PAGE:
I like hardwired ethernet for reliability. No doubt speed is better, too, when that matters. But we use wireless too.
I have ethernet throughout the house. I bought two Apple Airport wireless access points and plugged them in at opposite corners of the house, to make the network better for phones and the like. I wanted each of these to distribute radio signal with better coverage over a larger total space. Unfortunately the books I bought and advice I found was oddly worded and ambiguous about which of several modes I should be using. This was all at least 10 years ago. Now, they often blink yellow in complaint, and seem to need a lot of updating frequently, and sometimes misbehave otherwise.
Should I get newer ones? Is there a simple name for the effect I’m trying to achieve, giving my house more wireless signal to access the same network?
If your access points are more than 10 years old, new ones will be much more capable, easier to set up, and relatively cheaper.
@DPRK is right that you are probably looking for a mesh network.
One important factor is the size and configuration of your house. That will determine the equipment you need
I recently installed a TP-Link Archer X-10 router and a few TP-Link AC1200 extenders that automatically form a OneMesh network. There are many other similar products, but these are well-reviewed, perform well, and are quite inexpensive.
If you can’t or don’t want to spend any more money, I’m sure that people here will offer some suggestions to maximize the performance of your existing equipment.
I don’t think so. My home network is primarily a star network, hardwired ethernet radiating out from a centralized switch. Most devices plug into ethernet recepticals in various rooms in my house.
But for our two cell phones, and any guests, I’d like to provide wireless connectivity. This is for “Verizon Wifi Calling” (their version of a femtocell I guess), as well as non-telephone usages. I do have a wireless router the phones can connect to. But we have a lot of space, and it’s not hard to get far enough away that there’s noticeably less signal. This is why I wanted the wireless access points. I think of them as providing separate radio fields which would be better in and beyond the north end of my house, and in and beyond the south end.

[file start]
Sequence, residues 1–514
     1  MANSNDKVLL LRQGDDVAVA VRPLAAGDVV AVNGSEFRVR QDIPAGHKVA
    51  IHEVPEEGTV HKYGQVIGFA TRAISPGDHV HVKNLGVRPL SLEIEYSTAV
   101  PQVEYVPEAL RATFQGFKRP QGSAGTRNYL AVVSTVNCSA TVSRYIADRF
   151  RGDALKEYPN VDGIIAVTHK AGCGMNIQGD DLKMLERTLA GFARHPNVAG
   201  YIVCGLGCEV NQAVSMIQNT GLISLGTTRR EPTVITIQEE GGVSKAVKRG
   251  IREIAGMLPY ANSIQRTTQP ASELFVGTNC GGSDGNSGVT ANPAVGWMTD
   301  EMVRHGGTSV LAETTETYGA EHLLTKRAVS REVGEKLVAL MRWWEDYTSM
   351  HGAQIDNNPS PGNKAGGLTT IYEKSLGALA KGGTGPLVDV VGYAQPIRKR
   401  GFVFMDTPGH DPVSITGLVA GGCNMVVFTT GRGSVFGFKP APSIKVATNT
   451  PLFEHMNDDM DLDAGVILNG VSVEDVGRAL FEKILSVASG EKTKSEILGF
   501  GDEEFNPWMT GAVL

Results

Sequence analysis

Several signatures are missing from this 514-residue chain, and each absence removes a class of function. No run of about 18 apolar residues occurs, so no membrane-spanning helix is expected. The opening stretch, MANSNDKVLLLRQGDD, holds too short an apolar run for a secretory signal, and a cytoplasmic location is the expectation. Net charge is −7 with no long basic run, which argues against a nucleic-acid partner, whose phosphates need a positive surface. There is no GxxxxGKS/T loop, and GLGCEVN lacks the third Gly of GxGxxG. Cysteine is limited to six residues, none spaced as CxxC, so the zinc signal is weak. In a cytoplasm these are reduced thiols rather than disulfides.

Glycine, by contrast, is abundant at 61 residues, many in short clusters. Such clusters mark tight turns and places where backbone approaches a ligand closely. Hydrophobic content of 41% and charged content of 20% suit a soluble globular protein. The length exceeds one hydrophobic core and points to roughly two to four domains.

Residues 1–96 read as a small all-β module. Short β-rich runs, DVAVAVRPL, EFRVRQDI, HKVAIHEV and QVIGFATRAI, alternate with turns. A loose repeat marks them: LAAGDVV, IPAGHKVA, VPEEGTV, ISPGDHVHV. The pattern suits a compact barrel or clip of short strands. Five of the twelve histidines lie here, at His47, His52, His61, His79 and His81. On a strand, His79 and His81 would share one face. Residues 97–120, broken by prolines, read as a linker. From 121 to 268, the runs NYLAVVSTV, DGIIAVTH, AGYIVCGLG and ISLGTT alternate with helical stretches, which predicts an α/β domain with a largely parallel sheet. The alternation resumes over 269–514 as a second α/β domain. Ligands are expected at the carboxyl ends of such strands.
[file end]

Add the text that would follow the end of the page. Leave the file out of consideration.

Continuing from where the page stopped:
I don’t think I want the wireless access points to talk to each other wirelessly. They’re already hardwired to the central switch. Besides, what starts as typical wireless traffic is eventually going through the cable “modem”, not from wireless user to wireless user.
In that case, maybe you really do just want however many wireless nodes in “bridge mode”. I had something like that set up at one point, where the node had a wireless network interface and an Ethernet interface. The way I set it up, traffic would be passed between the interfaces so that wireless and wired devices would be on the same network. Once I even set it up backwards, because I did not feel like running a cable, so that the node connected to an existing wi-fi network and you could plug stuff into its Ethernet port and join the main network.
Ah, maybe I’m getting it! Before I plug things together, each wireless node would have created its own independent (but not very interesting) network, each one a wifi network. And of course I already had my wired network. So I plug the wireless nodes into various recepticals around my house, and the whole thing becomes one big aggregate network. Do I understand this right?
So, this means I want these little appliances to be in bridge mode.
Does that inform what I need to purchase? Or can I buy any old “wireless access points” and configure each one in bridge mode, will I get what I want?
Yes, this is what you want to do. Buy some wireless access points, or buy routers which can run in a access point (or bridged) mode. If you set all of your wireless networks to have the same name and password, then devices should seamlessly move from one to the other.
I’ve had very good luck with the Ubiquiti UniFi AP devices, but there are other choices.